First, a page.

Newsday: Nassau Woman Keeps Memory of “Operation Babylift” Alive

Updated: Jul 17, 2010 05:38 PM
It was the final days of the Vietnam War in April 1975 as Saigon was falling, and the United States launched one last massive effort: To airlift as many orphans as possible out of the country.
In the three weeks before the last helicopter lifted off from the roof of the U.S. Embassy, some 2,548 babies and children were flown out. Most ended up in the United States, including about 100 on Long Island.
Now, at the 35th anniversary of the end of the war, “Operation Babylift” is gaining renewed attention, partially because of a Nassau County woman who led the humanitarian effort and adoption campaign on Long Island.
Lana Noone, of Franklin Square , adopted two of the infants and was a main organizer of local families who took in children from Babylift. She helped send supplies, such as baby formula, to Vietnam before the children’s arrival to the United States and then organized outings, cross-cultural events and parties as they grew up.
Next week Noone will speak about Operation Babylift as part of a retrospective program on the Vietnam War hosted by the Bethel Woods Center for the Arts museum. The event will be held at the site of the 1969 Woodstock concert.
Her appearance follows the release of a documentary that opened nationwide this year.
Last year, the Smithsonian Institution in Washington, D.C., hosted, for the first time, an event to mark Operation Babylift. “Finally, after the 35th anniversary, we’ve gotten this recognition,” said Noone, 63, who appeared at the Smithsonian.
The first sickly infant she adopted, Heather, died a month after arriving on Long Island , and Noone says she vowed to dedicate the rest of her life “to make sure no one would forget there was a Vietnam babylift and her short life would not be in vain.”
Noone’s other adopted daughter, Jennifer, was found wrapped in a blanket in a garbage can in a Saigon market, a common practice by Vietnamese mothers who hoped their babies would be found and placed in a good orphanage. Jennifer Noone, now 35, is a social worker in Manhattan.
Lana Noone says her daughter Jennifer became a cheerleader at H. Frank Carey High School in Franklin Square , a class vice president and a member of the National Honor Society. She went on to graduate with honors from Drew University before attending Columbia University , where she earned her master’s degree.
“I don’t have a day where I don’t think of these birth parents,” Noone said. “My life is full. But it is over their tragedy.”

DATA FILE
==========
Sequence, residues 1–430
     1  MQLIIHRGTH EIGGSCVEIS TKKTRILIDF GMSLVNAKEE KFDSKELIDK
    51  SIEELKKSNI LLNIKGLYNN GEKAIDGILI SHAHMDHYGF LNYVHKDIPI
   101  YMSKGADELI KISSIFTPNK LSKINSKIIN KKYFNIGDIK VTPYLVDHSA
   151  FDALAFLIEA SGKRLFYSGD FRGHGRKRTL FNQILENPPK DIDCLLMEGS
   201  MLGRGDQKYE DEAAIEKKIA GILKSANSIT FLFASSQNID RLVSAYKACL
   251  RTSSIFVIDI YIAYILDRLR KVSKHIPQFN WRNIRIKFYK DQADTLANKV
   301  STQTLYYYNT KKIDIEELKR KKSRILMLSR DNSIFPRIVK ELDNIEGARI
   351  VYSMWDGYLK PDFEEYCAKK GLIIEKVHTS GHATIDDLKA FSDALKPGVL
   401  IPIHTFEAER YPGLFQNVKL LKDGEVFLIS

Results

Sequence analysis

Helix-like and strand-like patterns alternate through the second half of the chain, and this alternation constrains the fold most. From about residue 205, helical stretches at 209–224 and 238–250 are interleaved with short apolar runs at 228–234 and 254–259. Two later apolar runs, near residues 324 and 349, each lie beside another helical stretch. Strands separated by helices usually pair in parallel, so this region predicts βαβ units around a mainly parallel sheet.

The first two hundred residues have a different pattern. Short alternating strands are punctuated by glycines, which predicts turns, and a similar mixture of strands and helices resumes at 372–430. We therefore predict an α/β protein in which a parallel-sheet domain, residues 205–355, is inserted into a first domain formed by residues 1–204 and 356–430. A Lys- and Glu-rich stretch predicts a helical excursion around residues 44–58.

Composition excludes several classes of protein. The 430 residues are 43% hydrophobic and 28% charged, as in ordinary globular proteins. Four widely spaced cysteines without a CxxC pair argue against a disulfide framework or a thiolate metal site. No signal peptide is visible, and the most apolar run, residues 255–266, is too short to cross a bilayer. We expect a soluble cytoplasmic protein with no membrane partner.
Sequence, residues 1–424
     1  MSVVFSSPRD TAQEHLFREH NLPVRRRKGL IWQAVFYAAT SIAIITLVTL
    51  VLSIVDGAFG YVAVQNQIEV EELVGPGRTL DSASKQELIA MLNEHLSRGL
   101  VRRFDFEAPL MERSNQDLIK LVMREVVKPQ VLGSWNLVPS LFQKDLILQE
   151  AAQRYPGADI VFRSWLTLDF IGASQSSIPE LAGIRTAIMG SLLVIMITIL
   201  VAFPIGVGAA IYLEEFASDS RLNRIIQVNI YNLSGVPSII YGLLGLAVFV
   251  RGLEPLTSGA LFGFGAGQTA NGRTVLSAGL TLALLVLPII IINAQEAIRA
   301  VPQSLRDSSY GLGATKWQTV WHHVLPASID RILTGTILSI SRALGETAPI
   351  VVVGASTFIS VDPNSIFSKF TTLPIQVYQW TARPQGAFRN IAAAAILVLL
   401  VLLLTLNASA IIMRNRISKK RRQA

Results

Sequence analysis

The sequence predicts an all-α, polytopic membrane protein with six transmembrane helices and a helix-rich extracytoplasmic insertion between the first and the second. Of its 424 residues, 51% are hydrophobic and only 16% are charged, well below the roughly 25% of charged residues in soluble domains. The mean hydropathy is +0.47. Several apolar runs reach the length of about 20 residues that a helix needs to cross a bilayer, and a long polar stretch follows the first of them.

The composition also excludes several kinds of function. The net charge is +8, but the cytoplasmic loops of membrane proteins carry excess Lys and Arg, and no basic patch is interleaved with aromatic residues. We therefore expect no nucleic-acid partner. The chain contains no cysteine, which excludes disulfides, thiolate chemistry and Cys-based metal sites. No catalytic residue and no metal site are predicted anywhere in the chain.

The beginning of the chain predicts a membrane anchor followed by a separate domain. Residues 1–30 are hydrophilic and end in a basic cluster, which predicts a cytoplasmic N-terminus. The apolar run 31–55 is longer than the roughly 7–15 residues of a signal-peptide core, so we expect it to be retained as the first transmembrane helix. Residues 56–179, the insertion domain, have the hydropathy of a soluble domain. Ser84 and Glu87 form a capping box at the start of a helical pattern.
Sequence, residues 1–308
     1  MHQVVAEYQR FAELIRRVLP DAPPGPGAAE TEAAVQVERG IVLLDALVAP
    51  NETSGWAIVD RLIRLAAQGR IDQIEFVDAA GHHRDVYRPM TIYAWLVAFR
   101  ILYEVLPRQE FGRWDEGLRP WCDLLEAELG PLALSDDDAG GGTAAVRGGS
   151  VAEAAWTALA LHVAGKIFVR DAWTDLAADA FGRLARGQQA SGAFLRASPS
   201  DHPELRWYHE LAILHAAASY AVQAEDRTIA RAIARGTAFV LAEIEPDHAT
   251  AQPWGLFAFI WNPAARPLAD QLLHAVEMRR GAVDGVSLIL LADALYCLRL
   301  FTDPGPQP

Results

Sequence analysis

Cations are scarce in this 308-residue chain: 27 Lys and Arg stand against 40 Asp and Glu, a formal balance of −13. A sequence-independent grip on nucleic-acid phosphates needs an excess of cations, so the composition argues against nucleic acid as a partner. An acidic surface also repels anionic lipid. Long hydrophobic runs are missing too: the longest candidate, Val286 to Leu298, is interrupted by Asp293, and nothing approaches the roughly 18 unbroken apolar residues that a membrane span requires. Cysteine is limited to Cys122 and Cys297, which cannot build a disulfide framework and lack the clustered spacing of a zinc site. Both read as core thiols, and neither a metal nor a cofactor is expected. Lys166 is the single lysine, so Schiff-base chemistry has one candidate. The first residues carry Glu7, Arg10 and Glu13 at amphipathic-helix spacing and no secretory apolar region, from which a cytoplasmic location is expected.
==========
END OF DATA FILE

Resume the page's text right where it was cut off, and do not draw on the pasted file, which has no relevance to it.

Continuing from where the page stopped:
Jared Rehberg, one of the adoptees who now lives in Queens , helped produce the documentary “Operation Babylift: The Lost Children of Vietnam ,” and says Babylift lasted just a few weeks “but it changed a lot of lives.”
He still does not know what day he was born, or how he ended up at an orphanage in Vietnam. “It’s kind of a mystery,” he said, adding that he returned to Vietnam in 2005 as part of a group of 21 adoptees who visited for several days.
“It was a little closure for me,” he said.
Today, Lana Noone runs a group and website,, that tries to keep alive the memory of what some call one of the largest humanitarian missions in history. She often receives e-mails from Babylift adoptees trying to track down their birth parents, or from birth parents – including U.S. veterans – trying to track down their children born in Vietnam.
Operation Babylift was criticized by some as a cynical attempt by the United States to generate good public relations amid the debacle of the end of the war. But Noone says she thinks there was little choice.
“I sincerely feel it was the only thing that could have been done,” she said. “They were in harm’s way. There was a war. With all the chaos that was going on, they weren’t on the top of anyone’s list.”

A Camping We Will Go…

Catalyst Culture Camp

Aivy Nguyen at Catalyst Culture Camp

Last year’s experience as a camp counselor for Catalyst Culture Camp was such a wonderful one, so I’m returning as a veteran counselor for not just one camp, but both! This weekend, I will be working my first year with the St. Olaf camp in Minnesota. The kids and parents from last year’s east coast camp in New Jersey left such great memories and stories to remember. Three days of meeting families, cultural craft making and bonding made me appreciate what Catalyst does for the adoptees here, and it only motivates and inspires me more with ATG to provide for those in need overseas.  I eagerly wait to meet more inspiring families at St. Olaf!
— Aivy Nguyen, Dir of Marketing/PR

Colorado Vietnamese Heritage Camp

Jared Rehberg at Colorado Vietnamese Heritage Camp

I always look forward to Colorado Vietnamese Heritage Camp during the summer time. This special weekend in Colorado is filled with new music for all the campers, presenting life stories with my adult adoptees friends to the adoptive parents and last and certainly not least, bonding with the young generation of adoptees.
This year I will also be screening the film Operation Babylift: The Lost Children of Vietnam. DVDs will be available at the screening. I love catching up with the campers I’ve met since my first camp over 6 years ago. We have drinks and share our joys and sorrows from the years past. I’m especially excited to bring new adult adoptees to share their stories at our adult workshops. It’s quite a trip for many, but well worth it in the end.
— Jared Rehberg, Dir of Community Outreach

October 2016
« Aug    

Twitter Updates